We work at a school called KDLP (Korean Dual Language Program). It's located in a high-rise building (you would have never guessed there was a school there) on the 8th, 9th, and 10th floors. The 8th floor is where the elementary school is- your regular 1st to 5th grade elementary school. The 9th floor is where the kindergarten is. The 10th floor is more classrooms.
Since we've been here, we've been observing/'teaching' the other foreign teachers' (who we're replacing) classes. Their school year here ended this last Wednesday, and this Monday starts a new school year.
The other day, we got our class assignments. For the foreign teachers, we teach both in the kindergarten and elementary (kindergarten in the morning & elementary in the afternoon). For kindergarten, I'll be teaching the "Cherries" which are the 3-4 years old (in Korea, you add a year or two to their age for their "Korean age"- so here they're considered '5 years'- but for this blog's sake- I'll stick to the "normal" age). I also teach this program called Meysen in which I have all the other classes for half an hour and basically sing songs and read poems (I'm the only one doing it-- the other foreign teachers have other programs they do). The other classes consist of Kiwis (the level up from Cherries), Oranges (a bit older students who have never had formal English instruction) and Apples (the last level in kindergarten before they get promoted into elementary-- and the class Jason will be teaching).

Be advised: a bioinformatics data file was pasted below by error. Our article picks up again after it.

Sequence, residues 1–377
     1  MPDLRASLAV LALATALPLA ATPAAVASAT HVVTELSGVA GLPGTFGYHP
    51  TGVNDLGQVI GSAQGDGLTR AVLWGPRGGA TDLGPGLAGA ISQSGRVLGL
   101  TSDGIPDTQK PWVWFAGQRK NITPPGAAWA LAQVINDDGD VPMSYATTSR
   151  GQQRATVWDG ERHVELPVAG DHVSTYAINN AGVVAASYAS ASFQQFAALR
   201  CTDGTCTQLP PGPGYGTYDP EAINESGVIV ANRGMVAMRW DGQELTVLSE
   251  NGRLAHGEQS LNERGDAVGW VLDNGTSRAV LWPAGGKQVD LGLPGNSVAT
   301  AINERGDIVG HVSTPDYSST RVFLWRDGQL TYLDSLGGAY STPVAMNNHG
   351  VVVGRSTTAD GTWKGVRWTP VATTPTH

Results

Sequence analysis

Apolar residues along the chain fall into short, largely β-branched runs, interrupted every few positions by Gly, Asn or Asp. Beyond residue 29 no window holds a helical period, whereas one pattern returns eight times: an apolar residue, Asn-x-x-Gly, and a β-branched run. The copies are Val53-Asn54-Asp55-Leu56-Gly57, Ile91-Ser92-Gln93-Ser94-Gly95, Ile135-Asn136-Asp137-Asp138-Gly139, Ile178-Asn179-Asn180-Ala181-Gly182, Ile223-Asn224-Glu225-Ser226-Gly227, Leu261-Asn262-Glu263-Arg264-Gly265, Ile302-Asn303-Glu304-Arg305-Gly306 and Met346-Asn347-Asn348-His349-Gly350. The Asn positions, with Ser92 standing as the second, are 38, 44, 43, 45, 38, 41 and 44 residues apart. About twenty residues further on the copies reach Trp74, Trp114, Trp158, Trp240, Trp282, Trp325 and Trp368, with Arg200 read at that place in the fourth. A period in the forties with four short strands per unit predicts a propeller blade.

I've never dealt with this young of an age group before in a classroom setting, but I'm actually feeling good about it. I think it's going to be fun, but a challenge. It's these kids' first time at a school, let alone their first time being exposed to English. I kind of feel like there's a lot of pressure on me with this class- especially from their parents- but I'm staying positive about everything and everything will be fine. We'll see....
Then for elementary, I have 2 2nd grade classes, a 3rd grade class and a 4th grade class.
I got to decorate (somewhat) my class rooms and I've been looking at lesson plans (and I've been a little stressed out with everything and now I have a cold- boo!). But all-in-all, it's going to be fun. The school is good to us, the people we work with are very helpful and are also good to us (and the former foreign teachers said this is true and that they had a great year- which was really reassuring to us).
This is the calm before the storm... bring on Monday!!